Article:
Reconciliation is a core concept in React that deals with efficiently updating the UI when there are changes in a component’s state or props. At its essence, reconciliation is the process React employs to determine which parts of the actual DOM need to be updated, without having to redraw the entire page.

Whenever there’s a change in the state or props of a component, React creates a new virtual DOM tree that represents the updated state of the UI. This new tree is then compared with the previous virtual DOM, a process known as “diffing”. By detecting the differences or “diffs” between the old and new trees, React can identify the minimal number of actual DOM updates required to reflect these changes.

Reconciliation ensures that only those components that truly need to be updated undergo the render phase, enhancing performance. The underlying principle React adheres to during this process is the idea that updating the real DOM is inherently costly. Minimizing direct DOM manipulations significantly boosts application performance and ensures a smoother user experience.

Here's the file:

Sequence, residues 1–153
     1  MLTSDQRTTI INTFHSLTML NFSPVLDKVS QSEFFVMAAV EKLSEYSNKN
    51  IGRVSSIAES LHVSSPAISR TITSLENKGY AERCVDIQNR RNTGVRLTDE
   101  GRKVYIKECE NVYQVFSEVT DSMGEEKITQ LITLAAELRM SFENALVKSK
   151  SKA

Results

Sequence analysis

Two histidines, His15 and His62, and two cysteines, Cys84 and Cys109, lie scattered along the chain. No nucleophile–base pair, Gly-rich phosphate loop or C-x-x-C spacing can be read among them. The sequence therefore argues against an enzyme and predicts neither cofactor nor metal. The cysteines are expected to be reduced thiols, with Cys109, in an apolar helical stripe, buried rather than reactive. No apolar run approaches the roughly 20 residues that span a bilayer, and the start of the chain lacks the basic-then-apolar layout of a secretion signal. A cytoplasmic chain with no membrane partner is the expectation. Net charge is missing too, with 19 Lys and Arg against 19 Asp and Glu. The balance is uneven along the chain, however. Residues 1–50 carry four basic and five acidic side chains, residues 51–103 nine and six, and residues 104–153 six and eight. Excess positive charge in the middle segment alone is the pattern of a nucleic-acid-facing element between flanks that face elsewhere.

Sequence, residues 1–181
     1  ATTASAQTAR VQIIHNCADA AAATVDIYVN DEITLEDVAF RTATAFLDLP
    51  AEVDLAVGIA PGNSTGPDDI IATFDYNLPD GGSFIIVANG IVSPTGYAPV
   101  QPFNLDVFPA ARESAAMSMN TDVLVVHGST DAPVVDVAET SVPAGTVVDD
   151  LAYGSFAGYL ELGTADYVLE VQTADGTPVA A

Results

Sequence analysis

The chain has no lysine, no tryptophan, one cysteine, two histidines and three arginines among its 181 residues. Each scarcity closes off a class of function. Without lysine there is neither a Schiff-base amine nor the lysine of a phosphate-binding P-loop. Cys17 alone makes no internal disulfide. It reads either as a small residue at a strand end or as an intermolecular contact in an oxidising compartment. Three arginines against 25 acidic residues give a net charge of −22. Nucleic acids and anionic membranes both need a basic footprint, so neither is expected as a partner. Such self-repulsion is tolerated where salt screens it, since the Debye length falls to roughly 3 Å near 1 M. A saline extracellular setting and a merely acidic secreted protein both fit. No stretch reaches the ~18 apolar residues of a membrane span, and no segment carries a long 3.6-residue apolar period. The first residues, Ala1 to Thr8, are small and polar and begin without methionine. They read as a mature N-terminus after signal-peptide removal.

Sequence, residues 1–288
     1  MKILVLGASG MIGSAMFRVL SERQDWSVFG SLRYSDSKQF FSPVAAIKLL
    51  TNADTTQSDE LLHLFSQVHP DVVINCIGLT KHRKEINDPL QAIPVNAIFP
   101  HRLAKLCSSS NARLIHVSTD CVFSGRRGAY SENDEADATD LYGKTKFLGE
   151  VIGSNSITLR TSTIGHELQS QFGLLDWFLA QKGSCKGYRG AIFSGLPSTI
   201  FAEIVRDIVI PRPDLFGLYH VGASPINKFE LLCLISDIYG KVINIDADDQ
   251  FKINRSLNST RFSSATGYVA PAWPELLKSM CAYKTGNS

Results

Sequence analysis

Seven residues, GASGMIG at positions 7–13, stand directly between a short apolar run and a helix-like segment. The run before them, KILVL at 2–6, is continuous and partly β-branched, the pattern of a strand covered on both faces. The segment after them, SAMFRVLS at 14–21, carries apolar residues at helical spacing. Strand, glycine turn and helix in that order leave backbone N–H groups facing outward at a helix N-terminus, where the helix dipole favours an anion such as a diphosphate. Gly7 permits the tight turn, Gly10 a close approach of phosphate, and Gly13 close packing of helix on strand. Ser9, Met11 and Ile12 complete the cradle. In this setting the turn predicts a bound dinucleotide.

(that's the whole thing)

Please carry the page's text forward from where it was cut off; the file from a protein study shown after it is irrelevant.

However, it’s crucial to understand that while reconciliation optimizes the number of DOM updates, it doesn’t guarantee the least number of updates. For this reason, React might sometimes update components that haven’t had changes in props or state. Yet, even with this consideration, the reconciliation process ensures that the UI remains consistent and updates are executed in a performant manner.

Reconciliation in React is an intelligent diffing mechanism, ensuring efficient and timely updates to the UI by minimizing unnecessary DOM changes. By understanding this process, developers can better appreciate the performance benefits React brings and how it maintains a consistent and up-to-date UI.

Previously at
Flag Argentina
time icon
Seasoned Software Engineer specializing in React.js development. Over 5 years of experience crafting dynamic web solutions and collaborating with cross-functional teams.